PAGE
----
Hard on the back?

  1. hello all:
    I am considering taking MT but I am wondering if it will be too physical. I have had back problems for 7 years and if i move something heavy or bend for too long a period, my back really can act up! So, ofcourse, I don't to add injury to harm.
    Thanks for responses,
    sun
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  2. 6 Comments

  3. by   nurseyperson
    Well, it depends... 1. what kind of massage therapy are you planning on doing? Some energy work, craniosacral, etc. is a lot of touching and holding, not as physical. The kind I do, neuromuscular therapy, is more physical work. I get deep at times, push, pull, stretch, and if the people are large, it can be difficult. Of course you must always use proper body mechanics, and do the stretches and exercises that you advise for your clients. And make sure your table, chair, etc. is at the right height for you.
    Do you have an actual injury or just pain, etc? The things you should learn in school will teach you some reasons for the back pain, such as poor posture, the structural imbablances which can cause pain and you can do something about.
    I actually have a "bad back" also...a herniated disc L5-S1, and as long as I take care of my body, it is OK. Lots of stretches of the HIP FLEXORS (anterior) to keep them from overpowering the posterior muscles and causing an imabalance there. Actually, you would be surprised how much back pain comes from
    RELATIVELY weak butt muscles.
    I also have a bad neck! I have been in a couple car wrecks with whiplash. That is what gives me the most problems, tightening up when I work. But if you have someone who can work on you, and again, keep yourself in shape, you can be OK
    Right now my hands and wrists are sore...not sure if from overwork or improper positioning while doing tripgger point therapy... so working on myself and stretch, taking nutrients that are supposed to help joint function, etc.
    So....yes, it can be hard on you, but if you take care of yourself you can do it
  4. by   sunyatta
    Hi...thanks for your reply...well i pulled my back when i was starting out as a nurse on an ortho floor and ever since then, i have had problems... i was on pain meds for the first year or two before i realized that i did not want to continue to live that way... before then, i was in great health, except i always had pretty WEAK stomach muscles, which i blame for much of my problems. i began taking care of myself, energy work mostly, meditating and so on. Never got my stomach in very good shape yet...anyway, it sounds like to understand energy work, so i will tell you that, i have tried to get into nursing again but i become blocked and my back starts really hurting ...i become stiff and achy all over...i really react negatively when trying to pursue nursing now! So, i love energy work and want to do something where i can utilize more. i feel that if i am a LMT, i will have more opportunities to introduce energy healing to my clients. do you know what i mean? but in the process, i don't want to hurt my back more. most likely, i will heal my back this way, but i really wanted some input from an expert and i am grateful that you answered my letter. thanks for listening. may i ask why you chose your line of work? are you a nurse too?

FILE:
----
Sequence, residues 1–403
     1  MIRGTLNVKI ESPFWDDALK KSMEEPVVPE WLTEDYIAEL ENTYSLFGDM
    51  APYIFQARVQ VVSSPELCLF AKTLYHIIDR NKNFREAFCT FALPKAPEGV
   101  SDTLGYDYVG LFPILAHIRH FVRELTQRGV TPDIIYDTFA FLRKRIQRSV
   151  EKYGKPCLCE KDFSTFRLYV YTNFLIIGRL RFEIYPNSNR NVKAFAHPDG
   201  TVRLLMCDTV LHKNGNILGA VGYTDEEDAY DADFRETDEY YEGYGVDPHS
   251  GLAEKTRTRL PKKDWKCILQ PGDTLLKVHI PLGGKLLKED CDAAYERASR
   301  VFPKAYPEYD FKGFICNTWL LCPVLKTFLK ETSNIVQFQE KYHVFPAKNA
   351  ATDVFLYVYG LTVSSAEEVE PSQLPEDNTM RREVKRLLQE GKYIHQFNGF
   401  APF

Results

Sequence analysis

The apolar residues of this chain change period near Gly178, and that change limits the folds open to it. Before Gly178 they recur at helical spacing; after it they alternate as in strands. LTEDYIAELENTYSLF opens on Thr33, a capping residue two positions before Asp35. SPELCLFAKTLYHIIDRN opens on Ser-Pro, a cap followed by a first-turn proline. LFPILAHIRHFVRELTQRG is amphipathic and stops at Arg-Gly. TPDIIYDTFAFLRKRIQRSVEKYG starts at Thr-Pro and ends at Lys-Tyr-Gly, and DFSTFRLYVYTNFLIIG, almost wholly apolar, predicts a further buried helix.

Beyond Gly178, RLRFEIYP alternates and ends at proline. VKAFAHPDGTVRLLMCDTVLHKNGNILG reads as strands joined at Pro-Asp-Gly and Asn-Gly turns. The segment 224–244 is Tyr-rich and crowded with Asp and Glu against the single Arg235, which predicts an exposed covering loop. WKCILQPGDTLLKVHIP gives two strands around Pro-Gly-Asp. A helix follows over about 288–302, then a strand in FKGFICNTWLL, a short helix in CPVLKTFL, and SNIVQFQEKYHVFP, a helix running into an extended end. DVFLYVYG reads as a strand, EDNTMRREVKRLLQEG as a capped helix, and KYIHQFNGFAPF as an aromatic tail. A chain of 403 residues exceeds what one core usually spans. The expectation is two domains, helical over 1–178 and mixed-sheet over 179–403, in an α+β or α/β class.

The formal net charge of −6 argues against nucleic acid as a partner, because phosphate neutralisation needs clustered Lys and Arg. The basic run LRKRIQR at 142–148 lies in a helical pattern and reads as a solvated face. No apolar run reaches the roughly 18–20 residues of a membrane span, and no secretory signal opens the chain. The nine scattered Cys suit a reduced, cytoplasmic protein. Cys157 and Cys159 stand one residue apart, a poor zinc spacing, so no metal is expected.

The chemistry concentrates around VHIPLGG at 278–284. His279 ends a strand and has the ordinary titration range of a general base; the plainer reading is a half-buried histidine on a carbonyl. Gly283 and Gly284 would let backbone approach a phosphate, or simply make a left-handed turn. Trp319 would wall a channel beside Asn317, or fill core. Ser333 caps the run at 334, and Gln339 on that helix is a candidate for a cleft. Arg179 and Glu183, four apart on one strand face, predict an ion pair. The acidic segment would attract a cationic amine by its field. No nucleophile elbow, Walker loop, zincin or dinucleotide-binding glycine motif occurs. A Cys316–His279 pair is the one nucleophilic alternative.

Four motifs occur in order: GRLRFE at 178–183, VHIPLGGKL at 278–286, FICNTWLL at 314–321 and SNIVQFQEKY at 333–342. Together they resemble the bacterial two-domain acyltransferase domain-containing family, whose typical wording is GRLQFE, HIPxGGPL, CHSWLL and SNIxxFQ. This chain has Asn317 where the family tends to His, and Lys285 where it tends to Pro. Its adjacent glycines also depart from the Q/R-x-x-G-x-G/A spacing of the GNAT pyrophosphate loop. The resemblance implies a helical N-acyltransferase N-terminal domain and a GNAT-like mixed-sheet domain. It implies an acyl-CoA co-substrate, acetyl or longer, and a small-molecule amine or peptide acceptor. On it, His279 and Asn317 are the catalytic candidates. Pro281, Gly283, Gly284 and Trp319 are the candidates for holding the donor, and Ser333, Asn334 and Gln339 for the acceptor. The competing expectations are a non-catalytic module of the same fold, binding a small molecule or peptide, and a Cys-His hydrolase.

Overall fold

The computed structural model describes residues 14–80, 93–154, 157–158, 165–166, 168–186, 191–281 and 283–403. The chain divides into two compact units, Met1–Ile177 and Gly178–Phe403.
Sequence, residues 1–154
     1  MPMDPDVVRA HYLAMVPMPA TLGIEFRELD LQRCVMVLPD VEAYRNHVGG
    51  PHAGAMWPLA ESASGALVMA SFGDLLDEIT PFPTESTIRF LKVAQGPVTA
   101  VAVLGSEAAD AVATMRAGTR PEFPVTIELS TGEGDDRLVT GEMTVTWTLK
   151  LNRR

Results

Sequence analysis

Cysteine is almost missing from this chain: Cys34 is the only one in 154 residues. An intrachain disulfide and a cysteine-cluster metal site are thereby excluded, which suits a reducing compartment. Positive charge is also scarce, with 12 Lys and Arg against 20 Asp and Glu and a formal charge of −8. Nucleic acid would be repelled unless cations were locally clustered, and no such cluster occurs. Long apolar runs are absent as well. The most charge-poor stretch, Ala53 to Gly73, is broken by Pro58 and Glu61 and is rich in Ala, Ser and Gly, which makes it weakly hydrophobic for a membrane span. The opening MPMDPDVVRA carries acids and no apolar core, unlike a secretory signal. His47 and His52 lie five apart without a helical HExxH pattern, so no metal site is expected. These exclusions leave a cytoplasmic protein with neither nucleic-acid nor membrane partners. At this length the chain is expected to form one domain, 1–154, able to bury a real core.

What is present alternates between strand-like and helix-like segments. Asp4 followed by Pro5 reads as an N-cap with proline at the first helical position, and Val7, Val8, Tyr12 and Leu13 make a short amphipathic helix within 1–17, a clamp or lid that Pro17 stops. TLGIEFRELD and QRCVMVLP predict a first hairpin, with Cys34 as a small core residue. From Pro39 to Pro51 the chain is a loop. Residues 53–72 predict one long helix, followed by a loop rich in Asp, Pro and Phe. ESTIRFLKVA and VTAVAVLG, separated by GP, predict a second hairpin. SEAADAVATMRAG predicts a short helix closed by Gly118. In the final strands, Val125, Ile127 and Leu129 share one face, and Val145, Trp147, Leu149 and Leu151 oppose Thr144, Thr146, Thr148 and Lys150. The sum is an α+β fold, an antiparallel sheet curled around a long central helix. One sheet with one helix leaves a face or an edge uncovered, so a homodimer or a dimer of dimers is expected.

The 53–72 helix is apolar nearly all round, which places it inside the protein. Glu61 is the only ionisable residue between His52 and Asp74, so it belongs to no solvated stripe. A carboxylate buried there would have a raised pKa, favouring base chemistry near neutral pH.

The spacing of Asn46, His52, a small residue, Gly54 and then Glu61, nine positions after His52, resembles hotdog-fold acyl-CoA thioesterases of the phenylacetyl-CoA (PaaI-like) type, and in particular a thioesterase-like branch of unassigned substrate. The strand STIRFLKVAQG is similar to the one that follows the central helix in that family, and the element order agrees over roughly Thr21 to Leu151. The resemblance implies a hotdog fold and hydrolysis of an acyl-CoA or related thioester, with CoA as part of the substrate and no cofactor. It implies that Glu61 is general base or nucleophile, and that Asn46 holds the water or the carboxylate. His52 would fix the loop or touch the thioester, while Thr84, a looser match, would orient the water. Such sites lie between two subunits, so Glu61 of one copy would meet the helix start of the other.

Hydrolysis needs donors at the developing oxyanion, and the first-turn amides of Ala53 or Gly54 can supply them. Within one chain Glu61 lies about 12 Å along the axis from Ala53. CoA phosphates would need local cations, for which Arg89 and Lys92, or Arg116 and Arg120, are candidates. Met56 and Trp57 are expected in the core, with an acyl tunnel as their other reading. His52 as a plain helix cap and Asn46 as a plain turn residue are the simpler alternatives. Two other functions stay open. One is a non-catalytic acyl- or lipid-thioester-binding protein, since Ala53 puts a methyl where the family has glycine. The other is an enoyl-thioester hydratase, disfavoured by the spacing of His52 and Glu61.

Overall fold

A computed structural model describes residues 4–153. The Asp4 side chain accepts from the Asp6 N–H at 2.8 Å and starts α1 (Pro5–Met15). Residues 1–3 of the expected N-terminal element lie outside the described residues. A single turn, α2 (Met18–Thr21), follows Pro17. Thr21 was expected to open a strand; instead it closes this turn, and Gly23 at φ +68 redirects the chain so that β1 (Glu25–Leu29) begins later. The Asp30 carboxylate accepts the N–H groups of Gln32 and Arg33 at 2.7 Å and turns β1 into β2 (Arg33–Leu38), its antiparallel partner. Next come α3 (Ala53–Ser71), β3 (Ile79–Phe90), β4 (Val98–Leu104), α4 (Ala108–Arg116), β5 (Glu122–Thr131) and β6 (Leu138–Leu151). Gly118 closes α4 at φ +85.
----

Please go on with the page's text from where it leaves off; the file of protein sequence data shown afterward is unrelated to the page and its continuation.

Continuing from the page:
thanks,
    peace....sharon
  5. by   nurseyperson
    I am an RN, work mostly adult and neo critical care, PRN now. Since I have had back problems and have gone thru epidural steroid injections, trigger point injections, pain meds, muscle relaxants, TENS units and chiropractic. My chiropractor is fairly new and did some trigger point work on me, and I found that helped a lot more than most things, getting to the root of the problem, not just covering the symptoms.
    Then my 6 year old daughter said that for her birthday, all she wanted was for me to be home more...I was going for days and not seeing her awake, with the 12 hour shifts and driving 40 miles. So this is what I came up with an am extremely happy. I own my business and can take off for school things, my daughter can walk to my office after schools, etc.
    Good luck!!!!
  6. by   PsychNurseDee
    I too have neck problems (ruptured discs at C5 &6). As a massage therapy student (and RN of 17 years)...massage therapy has been wonderful for me. Some of it can be physically demanding, but body mechanics as well as recieving bodywork has made it very comfortable for me. Best of luck. Let me know how you are doing!!
    Dedee
  7. by   susanna
    my experience, yah, ive given maybe only 40 massages in my life but that stuff exhausts me and makes my muscles tight and my hands swollen.
  8. by   TouchRN
    I have been practicing massage full time for the past 15years. I have never had an injury related to this work! I hurt my back just out of nursing school over 25 years ago and the only thing that really worked was getting massage.
    It is important to learn proper body mechanics, have your massage table at an appropriate level (always use a good massage table with face cradle, etc), and receive bodywork yourself. It is also important to be in good shape and be on a physical work out program that includes strength training. Yoga and stretching are good.
    You should also listen to your body and honor what it is telling you.
    Remember, when giving massage, you use your whole body, not just your arms and hands. You should learn all about using your body and good body mechanics when you go to school.
    Another point is a therapist (nurse) should receive a full body massage for every ten massages given.
    Self care is most important.
    Good luck!

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